Wearing Red

 

April 2003

My Stories

Containing Jim in Paris

Ranging the Yellowstone

Lisbon Portugal- Part 1

Lisbon and Sintra- Part 2

Evora Portugal- Part 3

Coimbra Portugal- Part 4

Porto Portugal- Part 5

At the Mammogram Office

Carmel Art Gallery

Venice- Part I

Veneto- Part II

Ravenna- Part III

Cinque Terre- Part IV

Vernazza Bonus- Part V

Granner

Crunch Time

Putting on the Ritz

Granada and Sevilla

Amsterdam

Tuscany and Umbria - 1

Tuscany and Umbria - 2

Driving in England

Dwelling in England

A Dozens Reasons

In the Hamam

Istanbul Greece Diary

Pearl Harbor Team

Old Girl

Paris

Provence

Grandpa's Cabin

Pay-It-Forward Latte

England and France

N. Italy - 1

N. Italy - 2

N. Italy - 3

N. Italy - 4

Lessons from 4 Corners

Mexico

Going to the Dogs

Don't Embarrass Me!

Letter from Siena

Arrivederci Roma

Joining the Matriarchs

Living History

Newlywed Game

Chaos Theory

Zach on the Road

Huckleberry Season

Stanley & the Sunbeam

I Dare Say

Legacy

Middle School Relay

Grad Party

Yellowstone

Moving On

Radio Shack

Newlywed Couches

Visitors

Old Faithful Inn

Snowbound

Sweet Potato

Mother Bear

Two Blondes in Iberia

Revisiting Spain

Four Seasons Camping

Curly's Truck.

Disaster Restorations

Bobbie the Wonder Dog

Ducks and Beavers

Wearing Red

Photo Boxes

Las Vegas Soufflé

40th Birthday Party

The Heart Tickler

Wonderful Little Things

Heritage Tour

Erickson Era

Old Buildings

Chelsea's

Split Seams

All Nighter

Talent Show

A Look Back

If you ever leave a message with our 6th grade boy, don't assume we'll get it. It simply doesn't happen. So I wasn't surprised when our neighbor, and Taylor's basketball coach, Geoff Wyatt, called me about awards night on Tuesday. He wanted to make certain we knew about it (no), since Taylor was getting MVP. But don't tell him, he said. I recruited our entire family, plus Grandma, for the celebration at a nearby pizza parlor.

Geoff coaches a CYO (Catholic Youth Organization) team for St. Joseph's School, where his son Andre', attends. The combination of Taylor and Andre's lifetime bestfriendship, plus Taylor's height, got Taylor on this team the past three years. They have a sorry record, but Taylor had a ball.

Every half hour at the pizza parlor, a different CYO coach dispensed their awards. On paper, I'm sure this sounded good, but the reality was chaos: a packed room, kids screaming, coaches trying to be heard above the roar with their presentations.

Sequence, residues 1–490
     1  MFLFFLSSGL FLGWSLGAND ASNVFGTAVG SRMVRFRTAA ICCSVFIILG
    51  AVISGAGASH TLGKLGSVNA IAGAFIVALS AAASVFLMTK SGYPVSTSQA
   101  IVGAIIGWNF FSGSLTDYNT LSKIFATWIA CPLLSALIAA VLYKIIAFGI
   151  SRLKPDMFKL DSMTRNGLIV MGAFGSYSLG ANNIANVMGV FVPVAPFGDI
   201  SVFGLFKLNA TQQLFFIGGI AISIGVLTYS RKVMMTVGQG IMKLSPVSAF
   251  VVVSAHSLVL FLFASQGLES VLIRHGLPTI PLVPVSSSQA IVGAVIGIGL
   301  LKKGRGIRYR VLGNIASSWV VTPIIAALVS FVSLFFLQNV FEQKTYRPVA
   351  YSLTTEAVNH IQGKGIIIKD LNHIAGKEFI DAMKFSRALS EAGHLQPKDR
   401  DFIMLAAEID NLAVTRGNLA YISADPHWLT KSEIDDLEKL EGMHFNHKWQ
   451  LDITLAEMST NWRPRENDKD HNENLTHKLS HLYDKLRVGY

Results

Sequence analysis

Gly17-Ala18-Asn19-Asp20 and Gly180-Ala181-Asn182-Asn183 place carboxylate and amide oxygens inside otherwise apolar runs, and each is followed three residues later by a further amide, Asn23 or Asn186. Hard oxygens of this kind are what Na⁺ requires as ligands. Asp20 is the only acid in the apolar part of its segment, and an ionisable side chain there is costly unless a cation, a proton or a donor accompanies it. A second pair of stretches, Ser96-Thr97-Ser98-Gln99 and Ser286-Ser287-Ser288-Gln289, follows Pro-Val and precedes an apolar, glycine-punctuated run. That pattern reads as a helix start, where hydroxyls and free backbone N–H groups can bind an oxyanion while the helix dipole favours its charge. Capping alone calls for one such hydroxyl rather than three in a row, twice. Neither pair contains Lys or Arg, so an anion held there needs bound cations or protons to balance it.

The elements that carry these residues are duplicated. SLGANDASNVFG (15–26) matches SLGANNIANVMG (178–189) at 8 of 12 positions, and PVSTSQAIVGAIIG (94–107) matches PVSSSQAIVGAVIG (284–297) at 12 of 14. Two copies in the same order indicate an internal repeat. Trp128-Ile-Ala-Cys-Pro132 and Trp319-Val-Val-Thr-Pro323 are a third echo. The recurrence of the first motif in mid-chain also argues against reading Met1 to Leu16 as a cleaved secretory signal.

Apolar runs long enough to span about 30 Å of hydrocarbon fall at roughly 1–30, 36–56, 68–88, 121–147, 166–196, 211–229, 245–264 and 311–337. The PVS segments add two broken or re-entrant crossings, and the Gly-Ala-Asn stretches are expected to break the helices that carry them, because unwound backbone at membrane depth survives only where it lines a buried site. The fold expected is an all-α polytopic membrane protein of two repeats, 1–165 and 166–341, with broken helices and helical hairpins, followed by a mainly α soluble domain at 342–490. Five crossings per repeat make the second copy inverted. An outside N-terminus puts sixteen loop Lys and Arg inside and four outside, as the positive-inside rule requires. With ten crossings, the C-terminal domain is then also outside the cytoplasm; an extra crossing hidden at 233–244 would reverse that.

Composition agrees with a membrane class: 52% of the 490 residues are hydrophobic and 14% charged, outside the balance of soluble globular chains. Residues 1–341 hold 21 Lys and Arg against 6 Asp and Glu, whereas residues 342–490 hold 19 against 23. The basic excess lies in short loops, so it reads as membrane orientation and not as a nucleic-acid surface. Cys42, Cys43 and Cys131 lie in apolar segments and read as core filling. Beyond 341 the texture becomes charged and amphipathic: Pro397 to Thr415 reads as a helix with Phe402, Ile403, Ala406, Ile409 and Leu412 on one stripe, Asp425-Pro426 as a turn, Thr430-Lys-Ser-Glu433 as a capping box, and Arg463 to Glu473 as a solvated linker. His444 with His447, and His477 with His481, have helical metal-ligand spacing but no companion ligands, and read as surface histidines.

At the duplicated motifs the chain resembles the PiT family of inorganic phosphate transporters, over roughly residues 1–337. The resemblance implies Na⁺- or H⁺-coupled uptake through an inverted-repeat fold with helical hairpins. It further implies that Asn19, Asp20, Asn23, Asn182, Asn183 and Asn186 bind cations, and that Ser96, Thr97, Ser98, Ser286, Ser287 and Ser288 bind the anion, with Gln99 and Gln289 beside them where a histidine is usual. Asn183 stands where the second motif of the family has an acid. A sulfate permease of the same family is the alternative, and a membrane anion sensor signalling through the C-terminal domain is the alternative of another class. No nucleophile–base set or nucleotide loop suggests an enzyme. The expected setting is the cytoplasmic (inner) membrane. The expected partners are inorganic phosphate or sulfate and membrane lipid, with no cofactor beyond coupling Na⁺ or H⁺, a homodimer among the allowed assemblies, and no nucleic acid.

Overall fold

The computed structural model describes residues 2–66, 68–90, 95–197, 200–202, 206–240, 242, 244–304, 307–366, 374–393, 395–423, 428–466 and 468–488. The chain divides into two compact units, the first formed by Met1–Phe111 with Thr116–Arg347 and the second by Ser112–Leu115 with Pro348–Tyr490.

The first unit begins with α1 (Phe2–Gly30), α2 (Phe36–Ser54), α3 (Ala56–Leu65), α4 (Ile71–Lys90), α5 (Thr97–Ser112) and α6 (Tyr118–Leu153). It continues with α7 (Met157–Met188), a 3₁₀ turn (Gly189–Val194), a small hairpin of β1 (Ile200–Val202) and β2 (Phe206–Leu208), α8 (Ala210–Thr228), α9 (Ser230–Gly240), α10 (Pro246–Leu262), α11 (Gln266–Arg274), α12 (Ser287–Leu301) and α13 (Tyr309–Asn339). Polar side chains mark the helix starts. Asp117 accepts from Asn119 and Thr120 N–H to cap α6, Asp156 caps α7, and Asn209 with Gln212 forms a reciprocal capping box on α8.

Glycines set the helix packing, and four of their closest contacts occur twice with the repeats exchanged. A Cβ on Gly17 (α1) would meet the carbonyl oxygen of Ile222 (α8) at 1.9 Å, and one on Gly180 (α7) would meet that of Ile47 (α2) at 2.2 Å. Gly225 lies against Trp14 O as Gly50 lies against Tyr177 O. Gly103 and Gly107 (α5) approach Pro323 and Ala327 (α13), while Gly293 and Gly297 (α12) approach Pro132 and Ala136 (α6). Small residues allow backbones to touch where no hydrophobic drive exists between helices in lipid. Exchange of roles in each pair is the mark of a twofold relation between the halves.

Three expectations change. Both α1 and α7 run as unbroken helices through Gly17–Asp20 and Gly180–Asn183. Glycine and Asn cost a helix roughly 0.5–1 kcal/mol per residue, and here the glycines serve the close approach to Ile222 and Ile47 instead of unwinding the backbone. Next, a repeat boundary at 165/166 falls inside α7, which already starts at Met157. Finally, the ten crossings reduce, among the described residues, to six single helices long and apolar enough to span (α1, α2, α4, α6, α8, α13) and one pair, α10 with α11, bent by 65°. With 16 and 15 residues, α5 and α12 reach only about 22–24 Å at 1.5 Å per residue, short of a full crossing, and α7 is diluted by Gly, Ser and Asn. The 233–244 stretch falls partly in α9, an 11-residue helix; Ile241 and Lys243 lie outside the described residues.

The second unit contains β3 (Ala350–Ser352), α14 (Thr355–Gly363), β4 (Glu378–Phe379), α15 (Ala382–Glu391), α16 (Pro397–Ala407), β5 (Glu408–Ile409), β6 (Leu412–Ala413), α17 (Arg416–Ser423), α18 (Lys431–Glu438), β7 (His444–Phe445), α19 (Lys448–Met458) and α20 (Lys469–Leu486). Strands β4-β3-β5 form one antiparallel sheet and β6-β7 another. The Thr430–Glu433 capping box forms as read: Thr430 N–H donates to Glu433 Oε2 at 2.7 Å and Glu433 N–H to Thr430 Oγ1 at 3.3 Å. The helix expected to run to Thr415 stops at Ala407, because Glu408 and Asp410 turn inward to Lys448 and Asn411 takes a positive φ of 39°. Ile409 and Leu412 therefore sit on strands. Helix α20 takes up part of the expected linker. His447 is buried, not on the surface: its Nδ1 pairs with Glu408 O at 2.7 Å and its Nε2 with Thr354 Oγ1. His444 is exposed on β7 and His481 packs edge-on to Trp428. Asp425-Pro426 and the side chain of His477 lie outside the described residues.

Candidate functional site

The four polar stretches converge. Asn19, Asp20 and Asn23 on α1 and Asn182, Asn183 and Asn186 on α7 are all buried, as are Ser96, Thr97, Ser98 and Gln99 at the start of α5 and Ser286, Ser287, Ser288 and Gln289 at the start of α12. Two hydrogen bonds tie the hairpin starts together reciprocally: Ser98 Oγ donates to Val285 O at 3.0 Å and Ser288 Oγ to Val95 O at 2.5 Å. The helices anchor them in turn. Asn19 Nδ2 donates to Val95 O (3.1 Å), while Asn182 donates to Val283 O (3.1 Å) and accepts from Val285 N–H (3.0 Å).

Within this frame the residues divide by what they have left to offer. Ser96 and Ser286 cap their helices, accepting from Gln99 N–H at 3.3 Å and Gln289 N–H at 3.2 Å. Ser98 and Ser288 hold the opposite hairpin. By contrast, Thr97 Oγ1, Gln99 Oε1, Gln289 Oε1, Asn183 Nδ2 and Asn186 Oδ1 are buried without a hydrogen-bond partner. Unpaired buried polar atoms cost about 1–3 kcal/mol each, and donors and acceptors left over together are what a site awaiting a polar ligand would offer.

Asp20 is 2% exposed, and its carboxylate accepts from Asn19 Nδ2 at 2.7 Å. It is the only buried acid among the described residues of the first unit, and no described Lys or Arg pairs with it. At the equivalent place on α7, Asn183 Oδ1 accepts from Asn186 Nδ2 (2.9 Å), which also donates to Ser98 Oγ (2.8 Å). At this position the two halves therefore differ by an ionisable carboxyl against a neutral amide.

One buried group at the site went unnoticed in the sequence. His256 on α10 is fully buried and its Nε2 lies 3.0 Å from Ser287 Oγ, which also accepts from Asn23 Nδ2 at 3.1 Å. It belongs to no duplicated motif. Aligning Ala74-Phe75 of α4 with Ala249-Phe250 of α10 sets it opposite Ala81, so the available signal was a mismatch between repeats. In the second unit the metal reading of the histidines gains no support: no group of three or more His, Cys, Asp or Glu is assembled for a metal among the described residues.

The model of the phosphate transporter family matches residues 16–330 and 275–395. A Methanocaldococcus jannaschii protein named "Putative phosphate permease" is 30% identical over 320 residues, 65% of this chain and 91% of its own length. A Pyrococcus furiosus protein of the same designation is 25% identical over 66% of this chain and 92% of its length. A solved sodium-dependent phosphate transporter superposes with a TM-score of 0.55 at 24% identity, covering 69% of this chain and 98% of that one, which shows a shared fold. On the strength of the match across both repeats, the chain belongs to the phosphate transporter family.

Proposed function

At last, it was time for Taylor's team. Geoffs started yelling out grand tales of each teammate and their talent on and off the court. I learned Geoff is not only an outstanding coach and all around good guy, he is a terrific liar.

Just before Geoff got to Taylor, I mentioned to Grandma that Andre' was going to Blanchet School next year. Suddenly a random guy peppered me with questions about Blanchet, of which I knew almost nothing. I answered shortly, avoiding eye contact. This didn't deter him and I nearly missed Taylor's moment in the sun. And I wasn't even wearing a red sweatshirt.

A few summers ago at Sunriver, we discovered that every time Jim wore his red sweatshirt on the bike trails, people stopped him for directions and advice. He turned into Sunriver info-guy. We make reference to the red sweatshirt phenomena still. Furthermore, we've determined that a non-threatening appearance often has the same effect: you become answer-man. You don't have to wear red, but it helps.

Yesterday was all about another MVP basketball player I adored: AC Green. Once I saw his name listed as keynote speaker for the Oregon Right to Life conference, I had to go. Normally, Annie and I attend the conference out of town, largely as an excuse to stay at a fancy hotel, often skipping courses for shopping at neighboring malls. This year the conference was at Keizer's Wittenberg Inn, so no hotel for us, and worse, no mall. But AC was coming, so I signed us up.

Miss Oregon 2002 kicked off the morning, wearing a Trim beige suit to cover up her Barbie Doll figure. Later I realized such a body would have distracted from her serious message, which I found, like her suit, bland. Annie and I gave her another shot in the break-out session for teens, where Miss Oregon shed her jacket and her inhibitions. I liked her much better.